0

It can happen that fast.  And it can happen to anyone. You’ve heard this all too often.

MoCHIP team member, Anita Bean, fingerprints Alisa Maier as her brave brother, Blake awaits his turn behind her.

Eight years ago today on August 13, 2010, the town of Fenton gathered at Memorial Park to honor two individuals who rescued Alisa Maier, a little girl with big brown eyes who was snatched from the front yard of her Louisiana, Mo., home at about 8 p.m. on July 6th while her mother was inside cooking dinner. Her 6-year-old brother, Blake, told police a young man in a dark-colored car pulled up and ordered Alisa to get in.

After Alisa’s disappearance was reported, law enforcement and the FBI  wasted no time. An amber alert was issued and more than 100 volunteers quickly joined in the search.  Some 24 hours later, a dark-colored car was seen at a car wash in Fenton, St. Louis County,  70 miles to the south. About the same time, a child was seen wandering around that car wash. It was Alisa.

Alisa’s parents soon got the call that every parent of a missing child prays for. Police faxed a photo to FBI agents stationed in Louisiana, who showed the picture to the parents. They confirmed it was their little girl. The kidnapper had cut her hair to change her appearance, to disguise the fact she was a girl.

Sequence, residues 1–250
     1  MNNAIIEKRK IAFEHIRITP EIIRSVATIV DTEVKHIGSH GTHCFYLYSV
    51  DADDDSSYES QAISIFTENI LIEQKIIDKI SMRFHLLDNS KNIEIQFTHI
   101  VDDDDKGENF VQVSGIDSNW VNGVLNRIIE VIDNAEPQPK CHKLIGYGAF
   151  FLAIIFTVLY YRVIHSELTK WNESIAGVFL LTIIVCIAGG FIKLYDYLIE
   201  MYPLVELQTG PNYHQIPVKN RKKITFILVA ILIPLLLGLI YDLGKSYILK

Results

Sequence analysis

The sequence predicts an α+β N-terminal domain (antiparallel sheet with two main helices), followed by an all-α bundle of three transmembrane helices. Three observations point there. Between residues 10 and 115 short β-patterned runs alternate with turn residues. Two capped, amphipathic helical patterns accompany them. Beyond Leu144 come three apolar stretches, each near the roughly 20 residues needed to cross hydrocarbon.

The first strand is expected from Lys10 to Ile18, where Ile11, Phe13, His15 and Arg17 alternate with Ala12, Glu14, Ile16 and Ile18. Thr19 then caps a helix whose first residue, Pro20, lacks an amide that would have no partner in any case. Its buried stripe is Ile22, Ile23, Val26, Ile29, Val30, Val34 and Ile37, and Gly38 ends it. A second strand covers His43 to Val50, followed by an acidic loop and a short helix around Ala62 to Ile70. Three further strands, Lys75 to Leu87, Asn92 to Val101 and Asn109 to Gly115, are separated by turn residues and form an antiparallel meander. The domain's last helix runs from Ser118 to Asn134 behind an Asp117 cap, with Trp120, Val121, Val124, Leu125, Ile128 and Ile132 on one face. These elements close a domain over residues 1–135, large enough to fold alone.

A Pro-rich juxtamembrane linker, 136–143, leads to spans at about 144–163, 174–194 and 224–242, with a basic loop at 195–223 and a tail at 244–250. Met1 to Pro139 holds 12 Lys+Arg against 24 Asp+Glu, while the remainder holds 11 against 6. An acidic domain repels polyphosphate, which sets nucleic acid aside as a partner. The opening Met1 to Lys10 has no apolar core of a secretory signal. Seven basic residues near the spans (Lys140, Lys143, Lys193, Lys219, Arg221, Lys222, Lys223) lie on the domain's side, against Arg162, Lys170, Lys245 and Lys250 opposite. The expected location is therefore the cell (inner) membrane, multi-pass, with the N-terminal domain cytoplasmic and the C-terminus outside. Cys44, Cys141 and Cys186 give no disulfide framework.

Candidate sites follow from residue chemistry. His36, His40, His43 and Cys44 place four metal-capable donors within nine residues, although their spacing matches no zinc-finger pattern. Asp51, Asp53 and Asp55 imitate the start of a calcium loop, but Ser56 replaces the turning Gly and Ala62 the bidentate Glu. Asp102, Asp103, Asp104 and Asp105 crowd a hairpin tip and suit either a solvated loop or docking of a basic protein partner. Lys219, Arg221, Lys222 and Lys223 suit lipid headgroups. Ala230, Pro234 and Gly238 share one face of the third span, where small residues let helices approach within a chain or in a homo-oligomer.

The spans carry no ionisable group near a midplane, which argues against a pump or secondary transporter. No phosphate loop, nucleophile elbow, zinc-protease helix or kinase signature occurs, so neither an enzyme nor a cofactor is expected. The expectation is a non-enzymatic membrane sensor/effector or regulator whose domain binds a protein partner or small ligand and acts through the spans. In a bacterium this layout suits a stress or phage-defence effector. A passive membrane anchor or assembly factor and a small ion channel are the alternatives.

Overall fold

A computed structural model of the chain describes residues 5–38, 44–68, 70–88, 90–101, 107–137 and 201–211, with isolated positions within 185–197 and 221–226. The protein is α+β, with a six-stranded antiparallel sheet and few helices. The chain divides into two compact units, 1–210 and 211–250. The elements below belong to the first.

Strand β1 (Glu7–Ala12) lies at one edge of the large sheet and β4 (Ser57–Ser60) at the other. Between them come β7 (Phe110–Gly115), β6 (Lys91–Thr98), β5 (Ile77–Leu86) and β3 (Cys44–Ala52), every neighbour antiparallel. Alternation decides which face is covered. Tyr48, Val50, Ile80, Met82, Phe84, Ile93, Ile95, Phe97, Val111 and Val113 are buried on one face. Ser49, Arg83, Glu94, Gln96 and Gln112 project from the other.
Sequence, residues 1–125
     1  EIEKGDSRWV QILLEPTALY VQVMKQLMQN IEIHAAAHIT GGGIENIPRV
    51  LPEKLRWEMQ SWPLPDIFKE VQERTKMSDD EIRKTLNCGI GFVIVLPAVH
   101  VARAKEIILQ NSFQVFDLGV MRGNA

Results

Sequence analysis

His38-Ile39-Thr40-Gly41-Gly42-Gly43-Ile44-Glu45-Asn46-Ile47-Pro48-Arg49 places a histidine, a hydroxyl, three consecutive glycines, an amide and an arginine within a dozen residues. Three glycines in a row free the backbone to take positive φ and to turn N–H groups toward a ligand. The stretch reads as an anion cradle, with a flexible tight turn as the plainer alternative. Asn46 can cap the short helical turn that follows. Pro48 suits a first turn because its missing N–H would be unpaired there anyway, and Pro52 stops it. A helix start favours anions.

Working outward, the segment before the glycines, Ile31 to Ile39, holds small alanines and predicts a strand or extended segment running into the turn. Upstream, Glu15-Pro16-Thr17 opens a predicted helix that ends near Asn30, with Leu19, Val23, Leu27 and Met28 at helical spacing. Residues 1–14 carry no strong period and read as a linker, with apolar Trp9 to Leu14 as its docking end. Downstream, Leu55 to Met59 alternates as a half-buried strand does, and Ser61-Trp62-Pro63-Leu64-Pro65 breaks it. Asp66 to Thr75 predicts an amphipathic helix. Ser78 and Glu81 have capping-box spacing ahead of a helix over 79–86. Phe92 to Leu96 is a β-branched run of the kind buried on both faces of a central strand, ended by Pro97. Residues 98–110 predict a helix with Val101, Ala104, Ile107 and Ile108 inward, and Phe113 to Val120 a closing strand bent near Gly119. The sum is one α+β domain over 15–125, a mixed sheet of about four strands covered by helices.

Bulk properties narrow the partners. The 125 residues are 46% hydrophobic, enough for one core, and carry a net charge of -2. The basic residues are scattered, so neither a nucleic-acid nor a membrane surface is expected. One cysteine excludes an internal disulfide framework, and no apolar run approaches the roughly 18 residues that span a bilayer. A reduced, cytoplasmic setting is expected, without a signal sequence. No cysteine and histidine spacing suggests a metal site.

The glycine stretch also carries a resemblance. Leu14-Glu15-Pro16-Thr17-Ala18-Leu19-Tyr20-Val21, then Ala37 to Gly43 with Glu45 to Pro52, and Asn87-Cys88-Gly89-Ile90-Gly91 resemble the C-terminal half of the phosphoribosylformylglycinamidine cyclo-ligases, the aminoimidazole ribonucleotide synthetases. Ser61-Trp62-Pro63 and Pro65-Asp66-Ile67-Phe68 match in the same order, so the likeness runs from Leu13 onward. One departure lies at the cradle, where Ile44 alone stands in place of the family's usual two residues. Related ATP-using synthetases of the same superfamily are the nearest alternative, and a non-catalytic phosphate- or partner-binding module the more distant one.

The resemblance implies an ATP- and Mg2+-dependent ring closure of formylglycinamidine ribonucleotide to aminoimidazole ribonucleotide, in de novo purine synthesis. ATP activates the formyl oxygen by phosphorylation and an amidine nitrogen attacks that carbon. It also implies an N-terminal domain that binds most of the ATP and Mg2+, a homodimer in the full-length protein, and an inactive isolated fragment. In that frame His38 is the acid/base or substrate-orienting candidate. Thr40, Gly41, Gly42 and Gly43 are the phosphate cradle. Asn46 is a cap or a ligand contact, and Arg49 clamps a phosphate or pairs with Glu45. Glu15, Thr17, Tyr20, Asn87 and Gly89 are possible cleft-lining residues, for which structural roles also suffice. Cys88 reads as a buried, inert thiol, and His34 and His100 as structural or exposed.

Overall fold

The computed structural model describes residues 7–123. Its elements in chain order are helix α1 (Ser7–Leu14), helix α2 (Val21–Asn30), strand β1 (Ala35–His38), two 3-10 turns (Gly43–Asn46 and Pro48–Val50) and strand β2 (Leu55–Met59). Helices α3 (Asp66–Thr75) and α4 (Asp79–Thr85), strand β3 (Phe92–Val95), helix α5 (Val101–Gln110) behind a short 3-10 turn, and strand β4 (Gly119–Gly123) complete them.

There is no doubt that getting Alisa’s critical information out to the public is what spooked her captor and ultimately lead to her being released unharmed.

In light of Alisa’s ordeal, Alisa’s parents requested that the MoCHIP Child ID Program join the celebration of Alisa’s return. MoCHIP eagerly stepped in to ID children as a proactive measure of insuring their safety–including Alisa Maier, her brother Blake and sister Sierra. It was a very emotionally rewarding day for all the MoCHIP volunteers who realized the miracle for what it was … Alisa was there being ID’d just like any other child, when the circumstances could have easily turned disastrous.

In a bizarre twist, shortly after Alisa’s recovery, officers approached a tiny home in Hawk Point, Mo., a small community that sits between Louisiana and St. Louis County. As officers sought to talk to a man they described as a “person of interest,” he pulled out a handgun and shot himself. Alisa’s abductor later died of his injuries.